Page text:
“We have won, and now we have to start working to implement our program and unify the country,” Romano Prodi told Italians after the official count confirmed from that country’s national elections confirmed exit polls showing Prodi’s center-left coalition had deposed the government of Italian Prime Minister Silvio Berlusconi, who had allied Italy with George W. Bush’s foreign policies.
With his Olive Tree coalition of moderate Christian Democrats, liberals, Greens, Socialists, former Communists and Communists on track to gain solid control of the lower of the two houses of the Italian Parliament, the Chamber of Deputies, and a narrow majority in the upper house, the Senate, Prodi says he is positioned to begin to implement an ambitious agenda. If all goes as planned, one of the new prime minister’s first moves will be to pull Italy’s contingent of 2,600 troops out of Iraq.
That will deprive the Bush administration’s “coalition of the willing” occupation force in Iraq of its fourth largest contingent.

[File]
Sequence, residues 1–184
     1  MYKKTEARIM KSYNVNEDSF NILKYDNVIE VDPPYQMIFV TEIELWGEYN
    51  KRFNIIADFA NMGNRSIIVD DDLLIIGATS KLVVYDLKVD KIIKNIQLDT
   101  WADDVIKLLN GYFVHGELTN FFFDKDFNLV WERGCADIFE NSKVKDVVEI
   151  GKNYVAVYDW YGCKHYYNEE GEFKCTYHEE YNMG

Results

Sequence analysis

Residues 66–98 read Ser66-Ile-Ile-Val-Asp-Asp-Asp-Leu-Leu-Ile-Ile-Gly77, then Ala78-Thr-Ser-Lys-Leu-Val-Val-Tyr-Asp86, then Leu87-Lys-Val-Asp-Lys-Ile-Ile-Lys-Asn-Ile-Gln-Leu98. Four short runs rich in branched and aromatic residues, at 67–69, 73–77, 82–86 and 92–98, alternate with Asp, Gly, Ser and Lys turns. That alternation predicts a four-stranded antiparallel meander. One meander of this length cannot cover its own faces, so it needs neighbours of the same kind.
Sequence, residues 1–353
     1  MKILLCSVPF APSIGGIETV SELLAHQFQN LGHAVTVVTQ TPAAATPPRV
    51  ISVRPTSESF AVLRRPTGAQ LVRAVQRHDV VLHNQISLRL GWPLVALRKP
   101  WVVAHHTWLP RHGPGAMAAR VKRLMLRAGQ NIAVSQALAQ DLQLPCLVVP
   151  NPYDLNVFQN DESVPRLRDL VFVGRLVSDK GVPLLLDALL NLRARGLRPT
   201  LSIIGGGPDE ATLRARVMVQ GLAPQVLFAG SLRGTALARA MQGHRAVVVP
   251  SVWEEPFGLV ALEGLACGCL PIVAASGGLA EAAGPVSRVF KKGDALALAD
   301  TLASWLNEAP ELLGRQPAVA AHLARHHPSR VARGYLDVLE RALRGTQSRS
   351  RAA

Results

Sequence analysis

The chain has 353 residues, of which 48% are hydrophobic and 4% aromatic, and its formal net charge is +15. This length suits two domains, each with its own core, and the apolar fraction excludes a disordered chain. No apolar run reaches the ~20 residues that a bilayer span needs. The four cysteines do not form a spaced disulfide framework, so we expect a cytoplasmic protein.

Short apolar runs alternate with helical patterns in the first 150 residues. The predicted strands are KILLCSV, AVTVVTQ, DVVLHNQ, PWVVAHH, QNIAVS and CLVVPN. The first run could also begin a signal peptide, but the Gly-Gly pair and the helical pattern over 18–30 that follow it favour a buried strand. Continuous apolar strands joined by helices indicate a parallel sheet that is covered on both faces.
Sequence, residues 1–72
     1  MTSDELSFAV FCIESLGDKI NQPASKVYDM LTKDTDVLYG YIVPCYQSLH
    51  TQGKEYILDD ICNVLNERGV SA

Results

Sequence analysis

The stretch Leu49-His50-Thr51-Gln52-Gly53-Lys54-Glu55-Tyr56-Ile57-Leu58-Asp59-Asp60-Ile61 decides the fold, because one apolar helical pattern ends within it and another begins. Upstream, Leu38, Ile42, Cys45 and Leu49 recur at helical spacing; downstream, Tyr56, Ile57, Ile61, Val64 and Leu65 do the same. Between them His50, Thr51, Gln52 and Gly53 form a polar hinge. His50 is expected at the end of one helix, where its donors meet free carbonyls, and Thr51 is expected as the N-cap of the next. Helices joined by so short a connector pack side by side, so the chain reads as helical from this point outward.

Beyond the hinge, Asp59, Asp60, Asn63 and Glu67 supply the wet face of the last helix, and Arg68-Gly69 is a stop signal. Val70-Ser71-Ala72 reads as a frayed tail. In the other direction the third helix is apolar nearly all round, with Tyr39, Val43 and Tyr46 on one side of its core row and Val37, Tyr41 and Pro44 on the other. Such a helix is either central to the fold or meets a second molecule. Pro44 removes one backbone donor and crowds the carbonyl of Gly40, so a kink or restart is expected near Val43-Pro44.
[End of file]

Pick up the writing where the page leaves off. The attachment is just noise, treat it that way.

The Italian withdrawal will be the latest blow to the administration spin that suggests the occupation is a multinational initiative. A score of countries have withdrawn their troops or are in the process of doing so. Many of the exits were hastened by elections that — as in Italy this week — saw voters chose political leaders and parties that promised to quit the coalition.
With Italy out, only three countries — the U.S., Great Britain and South Korea — will have more than 1,000 troops on the ground in Iraq.
The Italian exit is expected to come quickly.
Prodi’s coalition promised during the campaign to implement an immediate withdrawal and, in nationally-televised debate last week he spelled out how it will work. “When we go to the government we’ll decide for a speedy pullout of the troops, in secure conditions, talking with the Iraqi authorities,” said Prodi, who explained that his priority would be to implement the exit strategy “as soon as possible.”
Prodi could have a hard time implementing much of his program, as the close divide in the Senate and his own unwieldy coalition are likely to make governing difficult. But the process of getting Italian troops home will be eased by the fact that many member of Berlusconi’s coalition also favor withdrawal. Indeed, in an attempt to diffuse the war issue during the recent campaign, Berlusconi, himself, had suggested that he would try to get Italian troops out of Iraq by the end of the year.